The club will hold its second shredding day of the year in late October or early November. A special thank you to Scott Eccles and Bruce Eccles for the use of their property and advertising signs at Eccles Uptown and Eccles Auto Service in Dundas.


Dorothy Gaffney and Coralee Hecker from the Schizophrenic Outpatient Clinic at St. Joseph's Healthcare located on West 5th in Hamilton spoke of the 600 patients who use the service. They are referred by family physicians, correctional agencies and psychiatrists. Some are self referrals. One percent of the population experiences schizophrenic behaviour, anything from hallucinations to memory and judgment issues to low motivation. Schizophrenia usually presents itself in late adolescence and there are such things as first episode clinics. Causes are not well understood but range from genetic to environmental. For more information go to
Last Christmas the Dundas Valley Sunrise Rotary Club donated to the clinic to support a Christmas party for 100 patients. 

On a sunny Saturday morning a work crew of over 25 descended on the Rotary Sunrise Community Garden at St. Mark's Church on Governor's Road in Dundas. After four years of use the wooden sides of each plot were beginning to rot. The Rotary club, along with a Rotary District 7090 grant is replacing the wood with cement blocks and installing a more permanent fence to keep the deer out. Scott Vance, Wayne Massey, Grant Armstrong Nic Schulz and Ross Bannatyne joined over 20 other volunteers from the Dundas Valley Sunrise Rotary Club, St. Mark's Church, Dundas in Transition, garden users and several Syrian refugees to tear out the wood and lay the block walls.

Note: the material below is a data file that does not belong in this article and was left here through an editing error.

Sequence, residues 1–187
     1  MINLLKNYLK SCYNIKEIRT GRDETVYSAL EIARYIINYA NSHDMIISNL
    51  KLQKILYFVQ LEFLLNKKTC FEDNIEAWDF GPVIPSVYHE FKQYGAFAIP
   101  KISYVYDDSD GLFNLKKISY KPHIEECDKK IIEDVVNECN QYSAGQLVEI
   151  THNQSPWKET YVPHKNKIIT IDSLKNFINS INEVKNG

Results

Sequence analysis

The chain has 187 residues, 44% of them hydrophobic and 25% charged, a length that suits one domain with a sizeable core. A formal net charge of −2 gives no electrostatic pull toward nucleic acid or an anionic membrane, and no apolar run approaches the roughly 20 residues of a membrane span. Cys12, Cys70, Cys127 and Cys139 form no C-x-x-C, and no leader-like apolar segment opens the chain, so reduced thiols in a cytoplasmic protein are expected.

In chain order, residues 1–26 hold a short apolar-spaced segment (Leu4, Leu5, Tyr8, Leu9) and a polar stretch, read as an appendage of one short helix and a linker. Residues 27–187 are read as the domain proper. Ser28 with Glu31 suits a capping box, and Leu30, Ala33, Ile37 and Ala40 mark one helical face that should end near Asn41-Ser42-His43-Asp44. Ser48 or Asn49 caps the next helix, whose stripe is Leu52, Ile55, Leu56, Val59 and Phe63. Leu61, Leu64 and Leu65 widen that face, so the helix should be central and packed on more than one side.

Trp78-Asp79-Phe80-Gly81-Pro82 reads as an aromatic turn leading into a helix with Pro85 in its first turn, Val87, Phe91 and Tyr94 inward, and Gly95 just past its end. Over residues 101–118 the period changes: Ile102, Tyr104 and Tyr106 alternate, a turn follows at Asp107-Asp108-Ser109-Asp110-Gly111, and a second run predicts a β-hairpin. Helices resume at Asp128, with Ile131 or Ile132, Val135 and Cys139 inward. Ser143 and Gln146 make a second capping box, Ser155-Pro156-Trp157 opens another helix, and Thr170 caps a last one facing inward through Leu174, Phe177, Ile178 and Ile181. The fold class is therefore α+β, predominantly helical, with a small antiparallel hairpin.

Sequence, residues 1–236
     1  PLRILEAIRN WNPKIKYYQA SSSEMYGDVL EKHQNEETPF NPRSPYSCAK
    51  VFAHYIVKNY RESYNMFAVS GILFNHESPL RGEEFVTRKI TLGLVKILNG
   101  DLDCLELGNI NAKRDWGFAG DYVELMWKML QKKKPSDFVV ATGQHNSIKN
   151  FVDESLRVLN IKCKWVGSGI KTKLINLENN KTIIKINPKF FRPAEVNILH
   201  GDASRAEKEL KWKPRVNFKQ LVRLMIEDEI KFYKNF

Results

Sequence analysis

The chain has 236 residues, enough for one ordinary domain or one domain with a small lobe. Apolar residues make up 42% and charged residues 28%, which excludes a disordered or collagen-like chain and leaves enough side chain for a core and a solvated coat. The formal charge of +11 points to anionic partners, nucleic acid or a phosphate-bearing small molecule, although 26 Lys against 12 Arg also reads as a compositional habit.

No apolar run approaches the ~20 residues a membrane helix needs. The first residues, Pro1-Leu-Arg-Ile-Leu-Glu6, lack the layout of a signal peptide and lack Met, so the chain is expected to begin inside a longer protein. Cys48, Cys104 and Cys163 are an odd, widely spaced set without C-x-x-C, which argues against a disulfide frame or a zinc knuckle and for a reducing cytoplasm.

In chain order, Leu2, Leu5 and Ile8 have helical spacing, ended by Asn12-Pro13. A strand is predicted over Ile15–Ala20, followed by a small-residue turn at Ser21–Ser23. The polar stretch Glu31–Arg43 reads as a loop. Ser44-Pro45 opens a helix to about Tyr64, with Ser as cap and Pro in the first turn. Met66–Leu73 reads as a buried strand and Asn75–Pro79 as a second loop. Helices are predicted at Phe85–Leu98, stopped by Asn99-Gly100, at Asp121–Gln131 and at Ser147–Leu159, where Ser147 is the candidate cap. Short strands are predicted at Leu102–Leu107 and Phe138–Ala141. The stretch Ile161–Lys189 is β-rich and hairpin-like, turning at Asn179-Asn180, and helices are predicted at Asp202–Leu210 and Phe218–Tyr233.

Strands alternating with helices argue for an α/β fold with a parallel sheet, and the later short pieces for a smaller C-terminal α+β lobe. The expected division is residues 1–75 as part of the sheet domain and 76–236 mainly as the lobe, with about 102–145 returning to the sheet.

David Carson, club member and Dundas in Transition member is the driving force behind the garden.

Andrea Buttars from Wesley Urban Ministries brought a message of service. This organization based in Hamilton has multiple locations throughout the city providing services for child, youth and families, housing and homelessness, neighbourhood development and newcomers. As well, Wesley is the major city player regarding Syrian refugees. Andrea spoke with passion about the work of the ministry and welcomed support either as a volunteer or through financial donations. For more information go to

Jane Allen, acting executive director, Dundas Community Services told us first of all that we would be seeing some changes as the organisation moves forward. The funding for all programs comes from the LHIN, the United Way, The City of Hamilton, Service Clubs, Individual Donors and through a Theatre Program. The organisation has twelve Board Members and a staff of four. They have recently been going through Strategic Planning sessions to review all of their programs.